We are happiness ‘pigs’ — and that depresses me

This column is dedicated to my friend, Angry Tim. At any given time of day there’s a pretty good chance that I could be feeling grumpy and…

This column is dedicated to my friend, Angry Tim.

At any given time of day there’s a pretty good chance that I could be feeling grumpy and cynical about the world, enraged, even, about the state of things.

Things bug me. Manicured lawns, ugly architecture, bad food in restaurants, plastic junk at Wal-Mart, too many RVs, tourism, trendiness, a forest of dead trees, suburbia, yappy dogs, poverty, wealth, sickness, pollution, waste, selfish people, cheery people…

I’ve tried to be happy. A ‘normal’ person these days, particularly a woman, is happy.

I feel the overwhelming pressure to be happy. The idea that none of us has any excuse not to be happy is prevalent.

There are thousands of books out there telling us how to be happy, including bestsellers like The 7 Habits of Highly Effective People, Little Book of Happiness or Little Book of Bliss, Don’t Sweat the Small Stuff, and Chicken Soup for the Soul.

And if those books fail (because of some lack of dedication on our part), there are pills to make us happy.

Apparently, the Canadian consciousness has accepted this pressure to be happy — and the happiness industry’s way of getting us there too.

Drugs long ago surpassed books in the race to get happy. Nearly half of our population is on happy pills or selective serotonin reuptake inhibitors.

The number of SSRI prescriptions dispensed in Canada went from just under nine million in 1999 to more than 15.5 million by 2003. And two-thirds of those users were women.

Worldwide, depression drugs generate nearly $20 billion a year.

In her report, The Marketization of Depression: Prescribing SSRI antidepressants to women, researcher Janet Currie says the reason behind the increasingly widespread acceptance of antidepressants is twofold: there is an increased acceptance of depression is a biologically-based phenomenon and there is aggressive marketing by the pharmaceutical companies.

In Canada, “depression is the fastest rising diagnosis made by office-based physicians,” Currie says.

Visits for depression almost doubled between 1994 and 2005, says her report, and 81 per cent of physician visits for depression in 2004 resulted in a recommendation for a prescription antidepressant.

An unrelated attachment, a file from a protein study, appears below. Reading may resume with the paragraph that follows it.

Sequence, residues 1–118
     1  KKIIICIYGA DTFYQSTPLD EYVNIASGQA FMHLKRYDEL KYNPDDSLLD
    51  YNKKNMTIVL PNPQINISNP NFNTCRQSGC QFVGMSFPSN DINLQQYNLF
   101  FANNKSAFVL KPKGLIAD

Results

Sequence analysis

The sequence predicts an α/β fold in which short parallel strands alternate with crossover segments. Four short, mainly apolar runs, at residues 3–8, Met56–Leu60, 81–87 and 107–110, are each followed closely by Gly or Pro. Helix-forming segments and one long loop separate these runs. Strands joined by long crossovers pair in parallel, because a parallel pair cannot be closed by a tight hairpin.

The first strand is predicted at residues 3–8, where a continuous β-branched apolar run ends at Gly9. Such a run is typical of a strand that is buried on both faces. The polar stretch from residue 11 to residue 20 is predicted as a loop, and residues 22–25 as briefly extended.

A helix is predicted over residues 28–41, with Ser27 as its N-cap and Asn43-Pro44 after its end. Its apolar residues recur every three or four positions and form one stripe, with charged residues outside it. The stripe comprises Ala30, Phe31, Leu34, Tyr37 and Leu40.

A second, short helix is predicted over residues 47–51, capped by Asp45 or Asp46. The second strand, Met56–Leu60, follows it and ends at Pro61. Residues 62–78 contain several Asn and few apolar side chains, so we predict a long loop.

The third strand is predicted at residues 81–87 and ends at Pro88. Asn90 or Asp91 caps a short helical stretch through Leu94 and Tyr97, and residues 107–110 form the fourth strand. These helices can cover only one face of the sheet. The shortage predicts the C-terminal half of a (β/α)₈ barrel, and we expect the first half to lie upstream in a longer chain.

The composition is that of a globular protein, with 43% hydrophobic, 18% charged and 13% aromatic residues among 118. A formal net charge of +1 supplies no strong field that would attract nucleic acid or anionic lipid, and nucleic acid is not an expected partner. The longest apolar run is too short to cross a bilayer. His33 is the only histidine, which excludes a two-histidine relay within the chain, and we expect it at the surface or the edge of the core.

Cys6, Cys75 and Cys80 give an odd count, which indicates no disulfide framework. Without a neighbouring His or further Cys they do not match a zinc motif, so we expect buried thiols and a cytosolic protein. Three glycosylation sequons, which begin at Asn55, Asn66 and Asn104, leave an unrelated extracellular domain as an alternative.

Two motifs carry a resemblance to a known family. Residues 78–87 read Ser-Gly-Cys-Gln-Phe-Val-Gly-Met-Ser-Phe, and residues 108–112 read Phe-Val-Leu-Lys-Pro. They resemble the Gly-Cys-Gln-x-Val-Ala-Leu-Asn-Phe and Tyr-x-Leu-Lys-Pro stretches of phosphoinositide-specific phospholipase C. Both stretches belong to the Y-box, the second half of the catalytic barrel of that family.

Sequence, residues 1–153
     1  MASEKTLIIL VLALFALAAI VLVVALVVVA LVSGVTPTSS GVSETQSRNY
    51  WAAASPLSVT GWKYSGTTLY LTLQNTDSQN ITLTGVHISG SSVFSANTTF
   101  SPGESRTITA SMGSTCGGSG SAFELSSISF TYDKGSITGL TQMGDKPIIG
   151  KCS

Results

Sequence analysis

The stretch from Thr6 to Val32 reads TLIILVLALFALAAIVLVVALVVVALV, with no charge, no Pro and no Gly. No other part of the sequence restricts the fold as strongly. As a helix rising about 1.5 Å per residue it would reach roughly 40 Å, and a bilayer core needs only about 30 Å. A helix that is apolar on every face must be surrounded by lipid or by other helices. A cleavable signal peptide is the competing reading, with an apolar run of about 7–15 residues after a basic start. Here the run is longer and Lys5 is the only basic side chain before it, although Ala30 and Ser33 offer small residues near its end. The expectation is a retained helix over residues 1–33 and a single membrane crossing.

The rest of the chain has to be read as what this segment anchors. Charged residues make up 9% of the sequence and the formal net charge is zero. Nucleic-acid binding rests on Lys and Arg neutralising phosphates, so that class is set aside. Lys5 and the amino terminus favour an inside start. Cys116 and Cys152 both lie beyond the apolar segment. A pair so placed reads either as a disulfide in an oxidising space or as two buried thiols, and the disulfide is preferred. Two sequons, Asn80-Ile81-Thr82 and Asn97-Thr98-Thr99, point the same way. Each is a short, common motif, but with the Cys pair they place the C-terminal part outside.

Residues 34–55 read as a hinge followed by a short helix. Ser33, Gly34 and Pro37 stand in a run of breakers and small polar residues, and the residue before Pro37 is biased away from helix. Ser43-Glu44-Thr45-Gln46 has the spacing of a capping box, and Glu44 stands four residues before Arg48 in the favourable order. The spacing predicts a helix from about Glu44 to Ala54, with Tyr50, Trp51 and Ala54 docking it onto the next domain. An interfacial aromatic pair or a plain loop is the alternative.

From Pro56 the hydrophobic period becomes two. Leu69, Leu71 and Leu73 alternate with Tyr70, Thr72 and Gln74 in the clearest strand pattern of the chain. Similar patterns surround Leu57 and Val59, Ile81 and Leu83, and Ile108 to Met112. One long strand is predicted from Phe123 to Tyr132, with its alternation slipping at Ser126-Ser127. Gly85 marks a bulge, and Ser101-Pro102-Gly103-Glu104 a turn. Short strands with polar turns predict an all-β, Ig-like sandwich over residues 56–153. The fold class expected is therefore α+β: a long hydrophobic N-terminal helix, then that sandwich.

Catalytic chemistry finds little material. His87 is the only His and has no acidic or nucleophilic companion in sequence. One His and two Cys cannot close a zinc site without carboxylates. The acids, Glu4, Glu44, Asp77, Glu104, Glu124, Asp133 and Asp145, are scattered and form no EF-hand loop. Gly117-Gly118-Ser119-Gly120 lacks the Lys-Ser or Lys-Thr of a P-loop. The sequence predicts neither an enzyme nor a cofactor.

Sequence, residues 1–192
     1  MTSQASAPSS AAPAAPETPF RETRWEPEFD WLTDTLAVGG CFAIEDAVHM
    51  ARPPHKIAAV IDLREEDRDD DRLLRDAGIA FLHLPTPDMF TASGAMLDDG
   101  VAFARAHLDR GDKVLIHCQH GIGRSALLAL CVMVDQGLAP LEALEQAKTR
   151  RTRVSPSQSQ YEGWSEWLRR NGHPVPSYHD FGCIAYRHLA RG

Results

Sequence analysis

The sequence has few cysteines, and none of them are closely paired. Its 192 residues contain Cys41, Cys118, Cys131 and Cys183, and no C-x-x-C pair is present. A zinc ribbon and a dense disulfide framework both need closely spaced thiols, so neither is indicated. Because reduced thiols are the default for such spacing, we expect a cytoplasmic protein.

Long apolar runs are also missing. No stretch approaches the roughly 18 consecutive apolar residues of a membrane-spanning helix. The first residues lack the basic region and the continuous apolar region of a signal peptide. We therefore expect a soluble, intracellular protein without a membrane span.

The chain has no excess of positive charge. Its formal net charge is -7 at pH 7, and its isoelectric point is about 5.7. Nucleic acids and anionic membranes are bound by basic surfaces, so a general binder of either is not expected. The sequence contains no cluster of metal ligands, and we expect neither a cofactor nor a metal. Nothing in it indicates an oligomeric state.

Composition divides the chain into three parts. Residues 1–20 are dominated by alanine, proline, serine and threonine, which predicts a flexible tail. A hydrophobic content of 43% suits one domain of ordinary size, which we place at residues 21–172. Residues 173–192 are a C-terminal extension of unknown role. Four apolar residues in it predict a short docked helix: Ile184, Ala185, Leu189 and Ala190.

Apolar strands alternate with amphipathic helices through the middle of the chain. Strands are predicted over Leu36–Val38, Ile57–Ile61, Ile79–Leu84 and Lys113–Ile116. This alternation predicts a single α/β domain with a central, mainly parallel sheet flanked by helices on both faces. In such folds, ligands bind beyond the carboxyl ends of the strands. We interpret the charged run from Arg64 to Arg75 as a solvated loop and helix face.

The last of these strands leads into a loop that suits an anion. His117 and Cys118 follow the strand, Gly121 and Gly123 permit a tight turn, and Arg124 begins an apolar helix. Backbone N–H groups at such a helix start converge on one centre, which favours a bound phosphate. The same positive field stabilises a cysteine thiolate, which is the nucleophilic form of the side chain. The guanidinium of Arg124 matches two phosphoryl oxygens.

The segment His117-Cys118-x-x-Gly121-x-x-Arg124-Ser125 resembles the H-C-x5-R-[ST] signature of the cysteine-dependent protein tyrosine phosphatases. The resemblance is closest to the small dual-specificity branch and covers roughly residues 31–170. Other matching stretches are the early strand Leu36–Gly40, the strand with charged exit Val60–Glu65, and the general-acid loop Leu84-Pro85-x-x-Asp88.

The irony of this phenomenon, which Currie denotes in her report’s title, The Marketization of Depression, is that the quest for true happiness is actually the enemy of this industry — and of the state; what is really being pushed is unhappiness.

“Governments are the biggest players in the happiness conspiracy,” says psychologist John F. Schumaker in his book In Search of Happiness: Understanding an Endangered State of Mind.

“Any political action aimed at a more people-friendly or planet-friendly happiness is certain to be met with fierce resistance.

“The best consumers are itchy narcissists who hop, skip and jump from one fleeting desire to another, never deeply satisfied, but always in the process of satisfying themselves.

“Our entire socio-economic system is designed to spew out this type of ‘ideal citizen.’ Contentment is the single greatest threat to the economics of greed and consumer happiness.”

Some wisened-up subversives are rejecting a happiness steeped in consumerism and are attempting to eke out a life based on necessity, oneness with the Earth and sharing.

It is a brave endeavour in a world where materialism and success are the only acceptable brands of higher meaning.

The world condemns cynical people. And happiness converts will try to sabotage the success of anyone who rejects their happiness cult.

But at least we have some brilliant minds backing us up.

Albert Einstein said: “Happiness never appeared to me as an absolute aim. I am even inclined to compare such moral aims to the ambitions of a pig. The ideals that have lighted my way are kindness, beauty and truth.”

John Stuart Mill said: “Better to be Socrates dissatisfied than a fool satisfied.”

Schumaker notes that some of the so-called happiest societies on Earth have been poor and simple societies where people are not barraged by media and the pressure to consume, to achieve and to be happy.

Studies in recent years of ‘happy societies’ reveal the importance of social connectedness, spirituality, simplicity, modesty of expectations, gratitude, patience, touch, music, movement, play and ‘down time,’ he says.

He notes in his book examples of ‘endangered happiness’—remote civilizations, including the Himalayan nation of Ladakh, which once had social structures defined by these characteristics but were dismantled and destroyed by the introduction of consumer capitalism.

“If Ladakh is ever going to be developed, we have to figure out how to make our people more greedy,” said the nation’s appointed development commissioner.

The developers triumphed, and now instead of being notoriously happy, Ladakh is facing epidemics of crime, family breakdown, declining mental health, land degradation, unemployment, pollution and sprawl, and a widening gap between rich and poor.

In Canada, we need only look in our own backyards to witness a similar phenomenon.

Colonialism destroyed the lives of many people under the guise of saving them. The happiness industry promises to do the same. It is making us so obsessed with the goal of being happy that the presence of any other emotion is making us depressed.

J.D. Salinger said: “I’m kind of a paranoic in reverse. I suspect people are trying to make me happy.”

 Juliann Fraser is a writer living in Whitehorse.

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